That was up from the 3.3 per cent rate in October and the strongest in a decade.
The Bank of England raised interest rates last year in anticipation of rising inflationary pressures in the economy, which it expects to be led by stronger pay growth.
Adjusted for consumer price inflation, which has been dropping since its peak in 2017, real wages were up 1.2 per cent in the quarter to November, the best performance in two years.
However the level of UK average weekly earnings adjusted for inflation is still below where it was in 2008.
And the nominal growth rate of pay remains lower than the 4 per cent annual average seen before the financial crisis.
Further the Bank’s Governor, Mark Carney, has warned that a no-deal Brexit is likely to inflict severe damage on real wages and living standards.
“The recent pick-up in salaries, coupled with the fall in inflation, will be welcomed by households, though the hangover of weak real wage growth over the past 18 months will continue to be felt on the high street for the time being,” said Tej Parikh of the Institute of Directors.
“The Bank of England will be little moved by today’s data. While the momentum behind wage growth may build support for interest rate hikes, Brexit remains the spanner in the works for the [Bank’s Monetary Policy Committee].”
The Office for National Statistics also reported on Tuesday that the numbers in employment in the UK grew by 141,000 in the three month period – the biggest rise since the three months to March.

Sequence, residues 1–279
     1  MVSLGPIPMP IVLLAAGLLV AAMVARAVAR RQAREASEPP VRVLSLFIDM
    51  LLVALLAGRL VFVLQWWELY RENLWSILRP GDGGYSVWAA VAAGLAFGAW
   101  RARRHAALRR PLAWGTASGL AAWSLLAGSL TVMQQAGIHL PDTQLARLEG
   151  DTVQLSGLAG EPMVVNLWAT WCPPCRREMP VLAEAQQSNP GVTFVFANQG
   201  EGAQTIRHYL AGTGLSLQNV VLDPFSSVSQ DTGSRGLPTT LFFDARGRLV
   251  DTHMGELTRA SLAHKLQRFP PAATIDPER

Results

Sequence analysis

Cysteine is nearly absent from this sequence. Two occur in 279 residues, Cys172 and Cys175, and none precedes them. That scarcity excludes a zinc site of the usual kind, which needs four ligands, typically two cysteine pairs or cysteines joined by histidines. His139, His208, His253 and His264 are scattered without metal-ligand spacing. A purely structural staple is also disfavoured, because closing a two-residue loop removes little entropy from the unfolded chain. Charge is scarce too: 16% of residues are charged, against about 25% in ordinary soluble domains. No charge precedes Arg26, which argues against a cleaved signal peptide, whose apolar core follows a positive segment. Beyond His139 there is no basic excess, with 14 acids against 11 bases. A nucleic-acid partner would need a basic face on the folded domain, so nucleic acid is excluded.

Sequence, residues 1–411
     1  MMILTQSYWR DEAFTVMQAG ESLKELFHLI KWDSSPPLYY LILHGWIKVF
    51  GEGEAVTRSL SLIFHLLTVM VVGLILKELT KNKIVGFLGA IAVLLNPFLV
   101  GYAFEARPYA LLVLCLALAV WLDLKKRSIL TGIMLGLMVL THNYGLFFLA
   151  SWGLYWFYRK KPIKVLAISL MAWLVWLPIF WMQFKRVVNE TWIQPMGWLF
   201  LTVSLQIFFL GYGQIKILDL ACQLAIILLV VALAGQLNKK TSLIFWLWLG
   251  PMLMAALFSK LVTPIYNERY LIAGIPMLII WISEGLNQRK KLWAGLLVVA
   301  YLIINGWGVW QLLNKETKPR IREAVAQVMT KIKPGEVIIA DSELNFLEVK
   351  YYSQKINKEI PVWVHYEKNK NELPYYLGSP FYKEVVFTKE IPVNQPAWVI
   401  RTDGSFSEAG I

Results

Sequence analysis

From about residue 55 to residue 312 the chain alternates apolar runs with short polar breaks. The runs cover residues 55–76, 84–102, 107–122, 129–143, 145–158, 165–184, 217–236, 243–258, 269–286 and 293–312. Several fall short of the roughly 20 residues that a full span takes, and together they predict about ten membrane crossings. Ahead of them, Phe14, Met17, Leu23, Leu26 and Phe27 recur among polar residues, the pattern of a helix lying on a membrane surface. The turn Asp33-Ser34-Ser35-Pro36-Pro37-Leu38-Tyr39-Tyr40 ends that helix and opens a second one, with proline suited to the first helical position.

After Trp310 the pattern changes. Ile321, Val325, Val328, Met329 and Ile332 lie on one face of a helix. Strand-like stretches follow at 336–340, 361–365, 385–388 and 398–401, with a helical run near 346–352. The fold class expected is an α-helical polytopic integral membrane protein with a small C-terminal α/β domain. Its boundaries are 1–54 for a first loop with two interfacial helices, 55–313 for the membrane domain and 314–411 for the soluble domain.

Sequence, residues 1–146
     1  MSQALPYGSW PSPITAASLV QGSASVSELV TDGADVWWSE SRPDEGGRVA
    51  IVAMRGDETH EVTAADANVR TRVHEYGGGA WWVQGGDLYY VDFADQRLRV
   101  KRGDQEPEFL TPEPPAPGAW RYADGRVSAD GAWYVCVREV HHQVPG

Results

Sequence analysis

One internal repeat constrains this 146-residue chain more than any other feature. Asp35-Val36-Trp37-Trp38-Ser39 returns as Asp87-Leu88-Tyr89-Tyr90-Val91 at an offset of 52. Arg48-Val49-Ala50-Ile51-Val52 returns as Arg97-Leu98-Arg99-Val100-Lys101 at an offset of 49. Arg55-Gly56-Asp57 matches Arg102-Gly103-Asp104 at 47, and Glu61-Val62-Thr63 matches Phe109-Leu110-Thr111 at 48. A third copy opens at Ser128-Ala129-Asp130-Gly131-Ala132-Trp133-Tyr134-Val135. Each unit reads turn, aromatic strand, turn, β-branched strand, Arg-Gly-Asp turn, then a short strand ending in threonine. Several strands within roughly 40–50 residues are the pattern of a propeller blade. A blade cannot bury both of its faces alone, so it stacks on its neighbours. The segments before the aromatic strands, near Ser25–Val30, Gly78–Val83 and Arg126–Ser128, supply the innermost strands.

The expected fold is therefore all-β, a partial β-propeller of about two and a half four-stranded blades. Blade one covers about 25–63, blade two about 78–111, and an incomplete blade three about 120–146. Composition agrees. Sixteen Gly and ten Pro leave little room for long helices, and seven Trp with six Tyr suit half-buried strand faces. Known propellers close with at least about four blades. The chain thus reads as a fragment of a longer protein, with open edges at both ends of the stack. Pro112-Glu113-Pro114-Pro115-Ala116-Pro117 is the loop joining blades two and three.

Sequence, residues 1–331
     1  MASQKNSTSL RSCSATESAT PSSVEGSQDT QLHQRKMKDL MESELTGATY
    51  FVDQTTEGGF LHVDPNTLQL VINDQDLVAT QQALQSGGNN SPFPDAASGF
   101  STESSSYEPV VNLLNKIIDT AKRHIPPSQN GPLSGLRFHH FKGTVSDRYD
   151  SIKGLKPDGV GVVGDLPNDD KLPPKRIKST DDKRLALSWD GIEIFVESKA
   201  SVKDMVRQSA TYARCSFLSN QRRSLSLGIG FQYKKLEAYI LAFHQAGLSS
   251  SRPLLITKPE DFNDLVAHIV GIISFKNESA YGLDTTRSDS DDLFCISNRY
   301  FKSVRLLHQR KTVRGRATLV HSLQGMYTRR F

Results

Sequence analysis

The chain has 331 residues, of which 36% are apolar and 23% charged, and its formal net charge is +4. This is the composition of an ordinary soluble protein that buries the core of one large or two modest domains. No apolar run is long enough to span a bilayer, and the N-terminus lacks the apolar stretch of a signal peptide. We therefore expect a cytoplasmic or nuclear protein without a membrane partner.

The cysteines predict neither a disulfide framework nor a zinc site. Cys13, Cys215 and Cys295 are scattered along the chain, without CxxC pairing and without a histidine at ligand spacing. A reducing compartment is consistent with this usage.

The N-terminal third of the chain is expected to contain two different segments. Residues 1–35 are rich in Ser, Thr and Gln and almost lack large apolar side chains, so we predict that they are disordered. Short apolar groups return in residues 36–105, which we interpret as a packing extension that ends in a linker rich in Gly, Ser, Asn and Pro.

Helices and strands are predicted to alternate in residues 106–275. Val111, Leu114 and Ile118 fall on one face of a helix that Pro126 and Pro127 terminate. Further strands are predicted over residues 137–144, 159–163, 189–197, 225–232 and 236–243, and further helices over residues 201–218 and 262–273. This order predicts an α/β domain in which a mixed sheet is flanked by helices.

And the employment rate reached a new record high of 75.8 per cent.
The jobless rate was 4 per cent, down from 4.1 per cent in the three months to October, while the inactivity rate declined slightly to 21 per cent.
Separately, the ONS reported that public borrowing in December was £3bn, up £300m on the same month in 2017.
It was also higher than City of London analysts had been expected and leaves public borrowing on course to come in around £5bn ahead of the Office for Budget Responsibility’s (OBR) £25.5bn estimate for the 2018-19 financial year.
“The first estimates of monthly borrowing in 2018/19 so far have subsequently been lowered, mainly due to receipts being revised up so there is a good chance that public borrowing this year will match, or even beat, the OBR’s forecast in the end,” said Andrew Wishart of Capital Economics.
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